Four proposals have been shortlisted in the architectural competition to design a French memorial for Pukeahu National War Memorial Park in Wellington, New Zealand. The competition will see a memorial gifted to New Zealand by France in 2018, to mark the centenary of the end of World War I.
Stage one of the competition – announced in April 2016 – attracted 43 entries, submitted by both New Zealand and international teams. The competition was open to any team, local or international, involving at least one New Zealand registered architect, and/or practices, academics and/or graduates who are members of the New Zealand Institute of Architects.
The four shortlisted teams will now progress to stage two of the competition, in which the schemes will undergo further consideration from a five-member jury made up of French and New Zealand members. The winning design will be announced on 11 November 2016.
Patterson Associates with Paul Baragwanath designed the first shortlisted entry, Le Calligramme. In explaining the project, the team commented: “The spatial composition consists of three elegant components, soft landscaping, a honed plinth and an intricate floating tabula. Narrative engagement is augmented by an audio and light presentation. Five stanzas raise lives above the earth and into our consciousness, creating space to encounter the blank loss of war with the hope of today, provoking a deeply spatial, temporal and emotional engagement integrated into the experience of Pukeahu National War Memorial Park.”
The designers of L’Arc de Paix – The Arc of Peace comprised team members Kingsley Baird (artist) and Adam Flowers (CCM Architects), with Professor Annette Becker (French historian), Allen Wihongi (Maori cultural advisor) and Alistair Cattanach (structural engineer). The group said: “L’ Arc de Paix – The Arc of Peace memorial acknowledges the enduring friendship between New Zealand and France forged by shared experiences of war and peacekeeping and the two nations’ deep cultural affinities. Recognizably French qualities are expressed in the design, materials and symbols. As a ‘living monument,’ the experiential nature of L’Arc de Paix is enabled via visitor engagement with the memorial’s features.”
The team behind Carrière de mémoire – Quarry of Memory, led by Andrew Sexton Architecture, explained how “a series of underground quarries in France, named after New Zealand towns and cities, have offered the inspiration for a memorial which brings these New Zealand named impressions protected under French soil to the surface at Pukeahu National War Memorial Park. The memorial is to be experienced from any vantage point, and seeks to encourage visitors to move around and through, inviting participation and exploration. The memorial aspires to have an enduring attachment to the French terrain.”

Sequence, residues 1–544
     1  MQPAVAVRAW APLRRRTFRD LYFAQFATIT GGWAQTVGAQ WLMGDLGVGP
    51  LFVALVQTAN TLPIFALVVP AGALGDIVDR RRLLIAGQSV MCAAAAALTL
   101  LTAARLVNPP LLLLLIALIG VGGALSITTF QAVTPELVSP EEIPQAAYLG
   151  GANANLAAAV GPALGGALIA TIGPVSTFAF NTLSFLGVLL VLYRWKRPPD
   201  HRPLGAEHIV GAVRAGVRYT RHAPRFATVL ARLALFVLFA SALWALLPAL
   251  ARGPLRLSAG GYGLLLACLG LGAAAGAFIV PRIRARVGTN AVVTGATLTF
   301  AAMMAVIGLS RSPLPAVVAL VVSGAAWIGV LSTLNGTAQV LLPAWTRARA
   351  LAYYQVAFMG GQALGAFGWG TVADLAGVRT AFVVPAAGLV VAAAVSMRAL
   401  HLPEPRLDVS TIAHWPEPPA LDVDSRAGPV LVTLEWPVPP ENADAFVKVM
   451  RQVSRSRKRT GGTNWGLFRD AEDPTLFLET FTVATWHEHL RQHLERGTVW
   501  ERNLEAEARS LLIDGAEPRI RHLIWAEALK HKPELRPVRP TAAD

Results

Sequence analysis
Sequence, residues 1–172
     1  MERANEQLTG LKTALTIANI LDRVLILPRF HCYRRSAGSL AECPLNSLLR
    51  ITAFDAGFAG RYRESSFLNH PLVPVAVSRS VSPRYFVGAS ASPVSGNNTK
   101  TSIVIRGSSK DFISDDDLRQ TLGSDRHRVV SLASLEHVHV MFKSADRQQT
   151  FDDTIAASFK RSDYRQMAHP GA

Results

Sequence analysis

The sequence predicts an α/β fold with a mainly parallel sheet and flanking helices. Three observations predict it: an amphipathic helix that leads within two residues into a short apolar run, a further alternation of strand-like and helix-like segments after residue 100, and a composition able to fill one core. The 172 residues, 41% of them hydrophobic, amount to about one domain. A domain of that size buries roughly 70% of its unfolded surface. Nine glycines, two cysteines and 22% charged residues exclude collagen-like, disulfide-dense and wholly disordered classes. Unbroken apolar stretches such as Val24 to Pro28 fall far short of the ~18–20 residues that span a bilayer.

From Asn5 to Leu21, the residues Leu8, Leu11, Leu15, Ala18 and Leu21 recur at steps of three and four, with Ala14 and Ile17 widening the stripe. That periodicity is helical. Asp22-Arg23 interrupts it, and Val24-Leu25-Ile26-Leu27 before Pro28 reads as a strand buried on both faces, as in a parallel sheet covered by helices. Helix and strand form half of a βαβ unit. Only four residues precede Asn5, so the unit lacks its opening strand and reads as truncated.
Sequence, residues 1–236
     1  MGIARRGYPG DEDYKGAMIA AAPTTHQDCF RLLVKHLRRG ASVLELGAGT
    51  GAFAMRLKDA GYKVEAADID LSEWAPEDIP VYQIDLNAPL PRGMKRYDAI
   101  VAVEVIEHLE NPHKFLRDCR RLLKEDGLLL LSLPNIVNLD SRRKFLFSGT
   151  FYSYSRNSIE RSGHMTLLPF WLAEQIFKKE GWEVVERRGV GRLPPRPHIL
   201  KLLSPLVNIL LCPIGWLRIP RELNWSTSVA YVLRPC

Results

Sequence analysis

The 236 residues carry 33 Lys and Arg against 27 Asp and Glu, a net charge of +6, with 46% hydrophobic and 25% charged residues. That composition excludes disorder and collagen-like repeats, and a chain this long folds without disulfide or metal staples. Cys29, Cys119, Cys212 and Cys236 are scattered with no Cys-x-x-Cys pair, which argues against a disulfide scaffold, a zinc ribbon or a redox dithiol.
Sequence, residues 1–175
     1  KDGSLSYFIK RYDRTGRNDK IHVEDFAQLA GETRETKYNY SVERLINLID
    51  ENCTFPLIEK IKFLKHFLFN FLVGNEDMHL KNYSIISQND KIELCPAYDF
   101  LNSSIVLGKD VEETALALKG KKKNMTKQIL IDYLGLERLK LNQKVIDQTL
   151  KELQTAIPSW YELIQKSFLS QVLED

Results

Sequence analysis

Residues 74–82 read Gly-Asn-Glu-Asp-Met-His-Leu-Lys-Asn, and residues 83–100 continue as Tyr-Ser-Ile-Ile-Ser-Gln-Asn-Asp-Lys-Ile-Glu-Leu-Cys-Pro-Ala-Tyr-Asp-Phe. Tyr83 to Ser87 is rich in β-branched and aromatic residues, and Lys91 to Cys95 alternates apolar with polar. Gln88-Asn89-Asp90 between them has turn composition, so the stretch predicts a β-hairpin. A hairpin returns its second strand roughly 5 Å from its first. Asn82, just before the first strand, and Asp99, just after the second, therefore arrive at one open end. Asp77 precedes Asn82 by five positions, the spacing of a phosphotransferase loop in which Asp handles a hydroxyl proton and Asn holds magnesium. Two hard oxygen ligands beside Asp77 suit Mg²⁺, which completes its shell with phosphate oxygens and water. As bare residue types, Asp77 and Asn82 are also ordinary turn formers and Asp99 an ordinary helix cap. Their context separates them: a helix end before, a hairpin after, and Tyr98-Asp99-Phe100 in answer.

The fourth shortlisted entry, Les Fleurs Sauvages, was proposed by Richard Ainsworth, Amanda Bulman, Nick Denton, Hamish Moorhead, Jake Yocum and Nicolas Zilliox. It is based on the idea that “the memorial reflects on the bleakness of war, confronting the soldier’s plight. The trench holds memories, of a shared life and death. The beauty and fragility of the materials commemorate the human bonds that write this history. The visitor is allowed a glimpse into this space: they are invited to occupy it.”
The competition is organized by the French Embassy in New Zealand, French Ministry of Defence and the New Zealand Ministry for Culture and Heritage, and is supported by the New Zealand Institute of Architects (NZIA) and Wellington City Council.
The French ambassador, Florence Jeanblanc-Risler, said: “The shared sacrifices of New Zealand and French soldiers left behind a strong foundation on which we have kept building our friendship to this day. For France, this memorial represents an opportunity to further unite our countries by giving our shared memories a material form. The projects themselves have also generated some impressive collaboration between the joint French and New Zealand team members.”
NZIA chief executive, Teena Hale-Pennington, said: “We are delighted to be collaborating with the French Embassy on this design competition and have been very impressed with the strong interest in the competition and the quality of entries. Design competitions are a way of recognizing that architecture matters. In this case, the many teams that responded have shown how, in different ways, strands of history and culture can be woven into a cohesive design response.”
The finalists’ proposals will be exhibited to the public at the Great War Exhibition in the former Dominion Museum, Wellington, between mid-October and mid-November 2016 (exact dates to be advised).
The jury comprised H. E. Florence Jeanblanc-Risler, Ambassador of France to New Zealand (co-chair); Stuart Gardyne, director of Architecture+ Studio and NZIA 2015 Gold Medalist (co-chair); Myriam Achari, Director for Remembrance, Archives, Military Heritage, French Ministry of Defence; Sarah Dennis, former New Zealand Ambassador to France and board member of the France/New Zealand Friendship Fund; Yves Le Maner, history professor and member of the French First World War Centenary Commission’s Scientific Committee.
The shortlisted concept proposals will now be developed. The winning team will have a budget of $570,000 to complete the memorial, which will be built in 2017 and inaugurated in 2018.
The Pukeahu National War Memorial Park was masterplanned by Wraight Athfield Landscape and Architecture. The park is already home to the Australian War Memorial designed by Tonkin Zulaikha Greer, which opened in April 2015 to coincide with the centenary of the ANZAC landings at Gallipoli.